Data conversion

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One of the goals of MPI is to support parallel computations across heterogeneous environments. Communication in a heterogeneous environment may require data conversions. We use the following terminology.

type conversion
changes the datatype of a value, e.g., by rounding a REAL to an INTEGER.
representation conversion
changes the binary representation of a value, e.g., from Hex floating point to IEEE floating point.

The type matching rules imply that MPI communication never entails type conversion. On the other hand, MPI requires that a representation conversion be performed when a typed value is transferred across environments that use different representations for the datatype of this value. MPI does not specify rules for representation conversion. Such conversion is expected to preserve integer, logical or character values, and to convert a floating point value to the nearest value that can be represented on the target system.

Overflow and underflow exceptions may occur during floating point conversions. Conversion of integers or characters may also lead to exceptions when a value that can be represented in one system cannot be represented in the other system. An exception occurring during representation conversion results in a failure of the communication. An error occurs either in the send operation, or the receive operation, or both.

If a value sent in a message is untyped (i.e., of type MPI_BYTE), then the binary representation of the byte stored at the receiver is identical to the binary representation of the byte loaded at the sender. This holds true, whether sender and receiver run in the same or in distinct environments. No representation conversion is required. (Note that representation conversion may occur when values of type MPI_CHARACTER or MPI_CHAR are transferred, for example, from an EBCDIC encoding to an ASCII encoding.)

No conversion need occur when an MPI program executes in a homogeneous system, where all processes run in the same environment.

Consider the three examples, Type matching rules --Type matching rules . The first program is correct, assuming that a and b are REAL arrays of size . If the sender and receiver execute in different environments, then the ten real values that are fetched from the send buffer will be converted to the representation for reals on the receiver site before they are stored in the receive buffer. While the number of real elements fetched from the send buffer equal the number of real elements stored in the receive buffer, the number of bytes stored need not equal the number of bytes loaded. For example, the sender may use a four byte representation and the receiver an eight byte representation for reals.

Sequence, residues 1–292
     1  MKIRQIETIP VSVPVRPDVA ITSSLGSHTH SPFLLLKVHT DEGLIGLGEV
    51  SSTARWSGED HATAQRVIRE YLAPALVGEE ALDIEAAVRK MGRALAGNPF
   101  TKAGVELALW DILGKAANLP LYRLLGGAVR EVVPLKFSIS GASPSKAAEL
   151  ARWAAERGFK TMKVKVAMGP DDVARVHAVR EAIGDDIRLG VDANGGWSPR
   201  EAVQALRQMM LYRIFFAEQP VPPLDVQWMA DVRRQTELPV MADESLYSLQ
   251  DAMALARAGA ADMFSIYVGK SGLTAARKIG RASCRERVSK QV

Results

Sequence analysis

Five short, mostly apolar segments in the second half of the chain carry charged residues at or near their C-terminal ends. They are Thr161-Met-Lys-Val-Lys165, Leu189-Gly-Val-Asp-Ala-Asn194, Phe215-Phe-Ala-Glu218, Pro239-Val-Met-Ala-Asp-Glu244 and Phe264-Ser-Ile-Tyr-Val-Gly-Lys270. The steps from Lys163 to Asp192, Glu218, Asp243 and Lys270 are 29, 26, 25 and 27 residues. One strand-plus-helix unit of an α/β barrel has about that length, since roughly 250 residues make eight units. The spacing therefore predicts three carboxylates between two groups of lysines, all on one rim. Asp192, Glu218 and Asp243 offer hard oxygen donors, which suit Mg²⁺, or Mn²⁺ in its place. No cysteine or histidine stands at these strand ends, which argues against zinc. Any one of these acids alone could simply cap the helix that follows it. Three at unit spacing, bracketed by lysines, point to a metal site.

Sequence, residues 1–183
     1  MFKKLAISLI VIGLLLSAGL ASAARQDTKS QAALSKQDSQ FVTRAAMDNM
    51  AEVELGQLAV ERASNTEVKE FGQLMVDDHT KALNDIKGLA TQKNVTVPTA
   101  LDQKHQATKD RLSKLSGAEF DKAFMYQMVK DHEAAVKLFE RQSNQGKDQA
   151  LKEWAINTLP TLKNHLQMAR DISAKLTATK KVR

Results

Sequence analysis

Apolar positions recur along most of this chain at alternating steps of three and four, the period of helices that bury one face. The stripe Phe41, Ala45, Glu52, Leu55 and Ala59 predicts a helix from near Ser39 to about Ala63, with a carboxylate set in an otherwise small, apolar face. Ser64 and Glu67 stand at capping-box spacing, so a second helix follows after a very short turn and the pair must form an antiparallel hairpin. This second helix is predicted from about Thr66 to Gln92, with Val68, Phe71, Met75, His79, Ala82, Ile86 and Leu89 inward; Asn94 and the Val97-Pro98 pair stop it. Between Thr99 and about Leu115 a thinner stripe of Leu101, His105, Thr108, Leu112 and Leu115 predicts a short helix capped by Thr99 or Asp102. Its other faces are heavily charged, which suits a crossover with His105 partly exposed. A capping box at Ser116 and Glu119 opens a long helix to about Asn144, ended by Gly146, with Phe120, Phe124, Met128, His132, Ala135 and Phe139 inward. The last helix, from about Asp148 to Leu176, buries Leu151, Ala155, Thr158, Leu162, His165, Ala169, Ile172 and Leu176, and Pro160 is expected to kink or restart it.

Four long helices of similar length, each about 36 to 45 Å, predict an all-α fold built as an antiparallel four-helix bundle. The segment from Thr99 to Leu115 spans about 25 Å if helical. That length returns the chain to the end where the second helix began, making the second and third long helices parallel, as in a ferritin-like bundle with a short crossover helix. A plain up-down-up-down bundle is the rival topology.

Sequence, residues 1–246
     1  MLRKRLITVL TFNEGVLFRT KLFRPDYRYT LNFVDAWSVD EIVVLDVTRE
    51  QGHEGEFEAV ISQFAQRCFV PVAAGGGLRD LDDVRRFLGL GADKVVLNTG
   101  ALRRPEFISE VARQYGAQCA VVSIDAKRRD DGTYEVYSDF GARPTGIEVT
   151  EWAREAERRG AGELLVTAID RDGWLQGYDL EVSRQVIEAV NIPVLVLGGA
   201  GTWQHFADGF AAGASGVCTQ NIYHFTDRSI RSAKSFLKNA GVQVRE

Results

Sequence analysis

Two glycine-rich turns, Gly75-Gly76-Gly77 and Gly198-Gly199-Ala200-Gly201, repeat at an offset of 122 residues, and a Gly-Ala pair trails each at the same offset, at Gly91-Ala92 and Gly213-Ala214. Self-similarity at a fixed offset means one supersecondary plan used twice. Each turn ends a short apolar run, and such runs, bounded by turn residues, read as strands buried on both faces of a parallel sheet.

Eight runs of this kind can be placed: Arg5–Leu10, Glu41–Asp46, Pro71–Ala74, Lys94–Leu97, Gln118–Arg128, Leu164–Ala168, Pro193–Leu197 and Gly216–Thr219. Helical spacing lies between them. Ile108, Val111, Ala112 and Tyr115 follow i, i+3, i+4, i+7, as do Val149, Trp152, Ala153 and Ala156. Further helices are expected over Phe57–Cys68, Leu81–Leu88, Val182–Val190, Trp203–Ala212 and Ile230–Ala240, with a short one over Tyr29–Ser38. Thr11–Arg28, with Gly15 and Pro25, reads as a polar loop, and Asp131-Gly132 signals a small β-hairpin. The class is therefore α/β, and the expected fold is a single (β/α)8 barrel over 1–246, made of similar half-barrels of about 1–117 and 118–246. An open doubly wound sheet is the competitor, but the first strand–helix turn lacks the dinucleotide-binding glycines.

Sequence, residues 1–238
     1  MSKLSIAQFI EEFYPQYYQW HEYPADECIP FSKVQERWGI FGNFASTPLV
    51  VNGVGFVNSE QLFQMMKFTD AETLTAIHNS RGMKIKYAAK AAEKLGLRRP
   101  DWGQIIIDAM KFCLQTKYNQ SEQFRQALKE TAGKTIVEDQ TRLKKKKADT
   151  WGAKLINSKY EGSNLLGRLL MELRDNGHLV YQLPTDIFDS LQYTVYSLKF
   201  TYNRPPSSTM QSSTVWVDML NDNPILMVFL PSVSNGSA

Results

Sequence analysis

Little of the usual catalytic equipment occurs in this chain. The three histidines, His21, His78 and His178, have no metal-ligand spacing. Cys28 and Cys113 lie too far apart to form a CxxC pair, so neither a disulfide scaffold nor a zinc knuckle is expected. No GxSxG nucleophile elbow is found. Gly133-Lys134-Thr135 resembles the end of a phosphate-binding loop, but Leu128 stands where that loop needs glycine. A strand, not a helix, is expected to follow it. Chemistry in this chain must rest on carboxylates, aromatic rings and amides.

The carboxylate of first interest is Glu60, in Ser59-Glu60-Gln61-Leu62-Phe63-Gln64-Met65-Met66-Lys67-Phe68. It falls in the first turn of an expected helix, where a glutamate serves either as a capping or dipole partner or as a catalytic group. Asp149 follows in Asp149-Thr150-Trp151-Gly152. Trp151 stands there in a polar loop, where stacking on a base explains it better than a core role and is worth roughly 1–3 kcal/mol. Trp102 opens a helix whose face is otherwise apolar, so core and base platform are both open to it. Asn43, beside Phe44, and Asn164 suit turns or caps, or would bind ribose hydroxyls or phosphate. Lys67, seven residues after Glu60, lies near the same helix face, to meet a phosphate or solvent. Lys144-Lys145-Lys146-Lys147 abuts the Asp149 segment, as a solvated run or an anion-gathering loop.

The second program is erroneous, and its behavior is undefined.

The third program is correct. The exact same sequence of forty bytes that were loaded from the send buffer will be stored in the receive buffer, even if sender and receiver run in a different environment. The message sent has exactly the same length (in bytes) and the same binary representation as the message received. If a and b are of different types, or if they are of the same type but different data representations are used, then the bits stored in the receive buffer may encode values that are different from the values they encoded in the send buffer.

Data representation conversion also applies to the envelope of a message: source, destination and tag are all integers that may need to be converted.

[] Advice to implementors.

The current definition does not require messages to carry data type information. Both sender and receiver provide complete data type information. In a heterogeneous environment, one can either use a machine independent encoding such as XDR, or have the receiver convert from the sender representation to its own, or even have the sender do the conversion.

Additional type information might be added to messages in order to allow the system to detect mismatches between datatype at sender and receiver. This might be particularly useful in a slower but safer debug mode. ( End of advice to implementors.)
MPI does not require support for inter-language communication. The behavior of a program is undefined if messages are sent by a C process and received by a Fortran process, or vice-versa.

[] Rationale.

MPI does not handle inter-language communication because there are no agreed standards for the correspondence between C types and Fortran types. Therefore, MPI programs that mix languages would not port. ( End of rationale.)

[] Advice to implementors.

MPI implementors may want to support inter-language communication by allowing Fortran programs to use ``C MPI types,'' such as MPI_INT, MPI_CHAR, etc., and allowing C programs to use Fortran types. ( End of advice to implementors.)

Up: Data type matching and data conversion Next: Communication Modes Previous: Type MPI_CHARACTER

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